MAGAZINE: Many Stories Gathered At One Table

MAGAZINE: Many Stories Gathered At One Table

Week by week, we come to be part of the Communion service – as part of the family together, but also as unique individuals responding to God’s call to come to the banquet. Some receive a blessing from the priest as babies in their parents’ arms. Others are older children, maybe from the Fish and Chip club, taking a cube of bread from the basket. Those who come for Communion are offered a consecrated wafer. Some receive the wafer in their hands, waiting for the chalice to be offered so that they can dip the wafer in the wine. Others consume the wafer and then receive the chalice. Some prefer to hold or tip the chalice for themselves whilst others prefer the priest to hold the chalice for them. Some really appreciate the square gluten-free wafer that’s available, and on occasions someone who struggles with alcohol might take only bread and slip away quietly before the wine is offered. Some stand. Some kneel, even though it might be costly to do so. Some remain in their seats in the pews, and the bread and wine are shared with them where they sit. Some come forward not to receive bread and wine but to accept words of blessing from the priest. They may be at an in-between place in their journey of faith, or from a different tradition, or someone travelling towards Baptism and Confirmation. Some do not come forward at all, for many complex reasons of personal circumstance, but are fully present in the service, still part of the family’s great banquet together. Many stories all gathered around one table.

For most of us, our experience of initiation into the Church of England has been one which follows the pattern of Baptism, and Confirmation followed by admission to Holy Communion. The reality is that this is neither a technical requirement nor an accurate reflection of many congregations in today’s wider church. For some time now, parishes have been able ask for permission to welcome any baptised person to take Communion. In practice, this decision would mostly apply to children and young people who are baptised, and are expressing interest in taking part more fully in the Communion service. However, society is changing and churches often find that they have adults in their congregation who for whatever reason were not confirmed as a teenage rite of passage, and yet are committed to the life of their local church.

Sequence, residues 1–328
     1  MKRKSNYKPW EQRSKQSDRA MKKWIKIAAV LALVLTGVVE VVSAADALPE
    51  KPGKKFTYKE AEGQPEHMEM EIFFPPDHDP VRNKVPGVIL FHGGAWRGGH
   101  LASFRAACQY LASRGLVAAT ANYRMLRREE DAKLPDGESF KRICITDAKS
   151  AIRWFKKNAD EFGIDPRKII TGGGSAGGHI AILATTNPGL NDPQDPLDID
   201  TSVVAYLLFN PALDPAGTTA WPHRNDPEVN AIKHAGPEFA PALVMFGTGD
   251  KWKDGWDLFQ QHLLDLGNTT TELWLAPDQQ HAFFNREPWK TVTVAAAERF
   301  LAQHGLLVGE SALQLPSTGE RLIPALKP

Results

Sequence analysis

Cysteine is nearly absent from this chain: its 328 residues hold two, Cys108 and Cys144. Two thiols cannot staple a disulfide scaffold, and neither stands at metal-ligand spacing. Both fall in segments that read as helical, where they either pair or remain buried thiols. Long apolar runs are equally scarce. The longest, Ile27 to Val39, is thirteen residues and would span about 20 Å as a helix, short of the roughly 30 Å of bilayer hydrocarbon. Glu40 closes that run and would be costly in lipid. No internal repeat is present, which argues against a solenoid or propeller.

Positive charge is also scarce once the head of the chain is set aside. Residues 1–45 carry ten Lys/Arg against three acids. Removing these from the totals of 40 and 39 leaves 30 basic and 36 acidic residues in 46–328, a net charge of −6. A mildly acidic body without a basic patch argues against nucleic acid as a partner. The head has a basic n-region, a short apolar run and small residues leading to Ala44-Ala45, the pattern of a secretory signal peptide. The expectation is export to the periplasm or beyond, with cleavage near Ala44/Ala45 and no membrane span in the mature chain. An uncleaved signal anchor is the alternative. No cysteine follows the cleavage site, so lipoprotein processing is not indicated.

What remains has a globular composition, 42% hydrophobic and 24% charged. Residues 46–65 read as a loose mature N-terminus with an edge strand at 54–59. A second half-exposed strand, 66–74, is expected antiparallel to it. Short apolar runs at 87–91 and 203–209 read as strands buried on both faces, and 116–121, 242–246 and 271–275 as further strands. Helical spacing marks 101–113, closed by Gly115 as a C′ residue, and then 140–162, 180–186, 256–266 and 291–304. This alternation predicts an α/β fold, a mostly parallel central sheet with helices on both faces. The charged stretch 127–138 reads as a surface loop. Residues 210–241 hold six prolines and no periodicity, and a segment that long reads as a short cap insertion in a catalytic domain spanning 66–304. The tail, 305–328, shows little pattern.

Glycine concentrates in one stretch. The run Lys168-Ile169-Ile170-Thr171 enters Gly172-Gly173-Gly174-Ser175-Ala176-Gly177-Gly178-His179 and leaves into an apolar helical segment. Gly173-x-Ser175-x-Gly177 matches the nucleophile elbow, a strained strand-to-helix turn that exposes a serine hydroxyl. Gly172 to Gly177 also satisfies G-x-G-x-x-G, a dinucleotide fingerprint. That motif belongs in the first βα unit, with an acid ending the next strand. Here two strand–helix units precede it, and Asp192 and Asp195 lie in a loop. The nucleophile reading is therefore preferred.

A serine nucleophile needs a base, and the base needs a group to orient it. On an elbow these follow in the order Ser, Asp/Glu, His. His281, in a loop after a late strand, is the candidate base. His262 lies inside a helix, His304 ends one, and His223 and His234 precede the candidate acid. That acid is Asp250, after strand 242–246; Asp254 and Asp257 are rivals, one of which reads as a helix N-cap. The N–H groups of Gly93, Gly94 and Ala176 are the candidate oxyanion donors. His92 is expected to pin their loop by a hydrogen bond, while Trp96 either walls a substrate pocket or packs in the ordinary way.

As a parish, we are taking time this year to reflect prayerfully on these issues. It is our turn to consider whether we want to offer Communion openly to any who are baptised who want to receive it. Together, we will explore how our church community understands Baptism, Eucharist and Confirmation – in small groups, special events and through our Lenten series. However, it is in our myriad of conversations, one with another that we find our stories shape our hearts and minds.

Socrates said that wisdom begins in wonder. Why not try this story as a wisdom-starter? I wonder what would happen if a new family arrives at St Mary’s with children who are used to receiving Communion. What impact might it have on other people? How should we react? Declining to offer bread and wine to someone who has been used to receiving them is a very grave matter. What could our hospitality look like for these parents, and more especially for their children? I wonder.

Sarah Northall

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